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A sneak peek into the TPP Citizens' Report: How we can rebuild public trust in trade processes

After four years of campaigning on the TPP, your OpenMedia team has been fairly quiet on the trade front recently. But it's not because we're not paying attention, but because we've been working on something big.

Next week we'll be launching our long-awaited TPP Citizens' Report. This initiative draws on the feedback Canadians provided using our Let's Talk TPP tool -- examining comments submitted to the Standing Committee on International Trade (CIIT) as a part of its study and public consultation on the TPP. In broad strokes, the report uncovers the reasons why Canadians oppose the TPP -- and the biggest takeaway message was that people cannot support agreements on which they were not consulted.

The report makes three key recommendations -- two of which are forward-looking, and intended to help guide the government on reforming trade negotiation processes to ensure Canada can be successful in future agreements, restoring public trust through genuine transparency and multi-stakeholder engagement.

This work comes at a crucial juncture for our government as it considers how it will move forward with a number of upcoming and ongoing trade processes. Early next week, Trade Ministers from TPP nations will be meeting in Chile to "find an alternative Asia-Pacific trade pact." In early February, Canada's new International Trade Minister, François-Philippe Champagne, confirmed that he would be attending the meetings, saying that "the world is looking at Canada...when it comes to open, progressive trade."

If this government is truly committed to open, progressive trade, it will heed the concerns raised by Canadians during TPP consultations, and take immediate action to ensure that those concerns are fully addressed in any future agreements.

While it appears that the TPP is dead, some are still hoping that it can be resurrected, or at least that parts of it can. In particular, Japan has been applying pressure on TPP nations to move forward with some version of the defunct agreement -- which was effectively rendered obsolete when the Trump Administration signed an executive order in early January, pulling the U.S. out of the deal.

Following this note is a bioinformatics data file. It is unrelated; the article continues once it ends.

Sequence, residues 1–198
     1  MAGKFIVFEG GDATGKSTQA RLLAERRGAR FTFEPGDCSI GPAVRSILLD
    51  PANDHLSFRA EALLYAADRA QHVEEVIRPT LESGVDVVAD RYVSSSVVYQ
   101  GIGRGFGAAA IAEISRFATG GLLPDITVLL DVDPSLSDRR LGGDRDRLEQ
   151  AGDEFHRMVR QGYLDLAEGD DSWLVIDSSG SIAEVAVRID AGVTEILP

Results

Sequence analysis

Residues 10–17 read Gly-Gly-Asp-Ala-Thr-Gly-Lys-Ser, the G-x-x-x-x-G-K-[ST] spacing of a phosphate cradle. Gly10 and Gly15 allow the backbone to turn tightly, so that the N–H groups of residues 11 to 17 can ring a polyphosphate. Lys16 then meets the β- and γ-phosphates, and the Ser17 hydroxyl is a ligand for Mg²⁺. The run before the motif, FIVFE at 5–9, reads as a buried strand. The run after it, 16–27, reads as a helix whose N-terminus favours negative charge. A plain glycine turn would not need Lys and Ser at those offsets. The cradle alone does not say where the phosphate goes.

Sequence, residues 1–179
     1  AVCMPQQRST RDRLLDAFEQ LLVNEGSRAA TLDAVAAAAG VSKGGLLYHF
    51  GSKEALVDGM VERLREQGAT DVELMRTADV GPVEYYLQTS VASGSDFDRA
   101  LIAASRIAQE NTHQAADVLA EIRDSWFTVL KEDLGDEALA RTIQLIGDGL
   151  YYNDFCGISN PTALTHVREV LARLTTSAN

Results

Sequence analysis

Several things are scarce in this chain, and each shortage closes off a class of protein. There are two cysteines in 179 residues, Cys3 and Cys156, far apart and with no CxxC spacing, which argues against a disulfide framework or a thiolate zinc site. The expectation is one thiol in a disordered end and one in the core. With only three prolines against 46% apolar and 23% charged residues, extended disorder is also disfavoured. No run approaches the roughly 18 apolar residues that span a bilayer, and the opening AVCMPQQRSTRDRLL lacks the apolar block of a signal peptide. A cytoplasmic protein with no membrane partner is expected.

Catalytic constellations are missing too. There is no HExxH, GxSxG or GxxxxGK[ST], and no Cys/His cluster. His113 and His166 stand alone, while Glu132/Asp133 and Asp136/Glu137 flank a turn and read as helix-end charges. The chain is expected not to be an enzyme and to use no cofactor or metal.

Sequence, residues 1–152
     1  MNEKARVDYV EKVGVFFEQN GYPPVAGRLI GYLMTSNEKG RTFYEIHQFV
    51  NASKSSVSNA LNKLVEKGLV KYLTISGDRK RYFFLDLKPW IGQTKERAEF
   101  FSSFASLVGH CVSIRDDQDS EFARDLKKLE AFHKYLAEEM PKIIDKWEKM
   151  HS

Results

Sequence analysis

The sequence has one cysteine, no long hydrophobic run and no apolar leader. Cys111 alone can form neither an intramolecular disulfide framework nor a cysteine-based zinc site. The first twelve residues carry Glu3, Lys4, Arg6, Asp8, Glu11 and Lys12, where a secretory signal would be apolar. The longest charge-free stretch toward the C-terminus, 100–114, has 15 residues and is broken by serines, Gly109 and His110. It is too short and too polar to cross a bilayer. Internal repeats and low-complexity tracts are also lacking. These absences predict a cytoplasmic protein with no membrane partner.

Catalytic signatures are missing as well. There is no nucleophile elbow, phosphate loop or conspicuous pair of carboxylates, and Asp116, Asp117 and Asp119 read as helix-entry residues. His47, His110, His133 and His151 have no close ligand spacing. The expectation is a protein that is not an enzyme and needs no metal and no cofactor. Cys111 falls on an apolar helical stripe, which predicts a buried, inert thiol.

Citizens and advocates in TPP nations seem to agree that the agreement belongs in its grave. This week, more than 200 civil society organizations, including OpenMedia, signed onto an open letter, asking that ministers resist the urge to resuscitate the TPP, saying:

As representatives of many millions of people in a wide range of unions, civil society groups and social movements, we believe that the TPP text, negotiated in secret, served the interests of large corporations at the expense of governments' rights to regulate in the public interest and of our fundamental rights as citizens.

Pursuing (or being pursued by?) a zombified TPP in any form would be a huge mistake for the Canadian government, especially given that many of the most distasteful concessions were made by Canada at the behest of the U.S. -- a particularly salient point when it comes to digital policy, copyright, intellectual property and the innovation economy. Foreign Affairs Minister -- and former International Trade Minister during the TPP's signing -- Chrystia Freeland has basically admitted as much, saying, "these agreements are very delicately balanced deals, and everyone makes different concessions based on the concessions they're getting. If the U.S., with its huge market, is taken out of that picture, then a new calculus would apply to everyone."

While we don't agree that the concessions Canada was making were acceptable even with the U.S. in the agreement -- to capitulate now would be cutting off our nose to spite our face.

What's more, with NAFTA renegotiations on the horizon, and Canada headed into negotiations on a bilateral FTA with China and possibly the UK as well, it's clear that issues of trade are not going anywhere. Yet Canadians have lost trust in the process, and are speaking out en-masse about our broken trade negotiation mechanisms.

So what now?  

There is a path forward -- but it involves rebuilding public confidence in a system that has ignored the concerns of citizens for far too long. The utilitarian maxim that trade is supposed to do the most amount of good for the most amount of people, as a rising tide lifts all boats, is no longer believed by Canadians -- particularly when we see processes co-opted by corporate lobbyists to usher in policies that would never be passed by our national parliament. (Oh hi, copyright term extensions -- I didn't see you there!)

This kind of policy laundering leaves a bad taste in the mouths of individuals who support international trade, but want to see it move forward the interests of Canadians as a whole, rather than the current system of horse trading that secures benefits for a wealthy few at the expense of the many.

In our report, we've made recommendations that we believe will shed sunlight on the murky world of trade negotiations, and give Canadians a seat at the table, instead of begging for scraps. Watch this space for the report next week -- and stay tuned for more information on how you can call on your elected representatives to put the interests of Canadians first when it comes to trade.

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Image: OpenMedia.org

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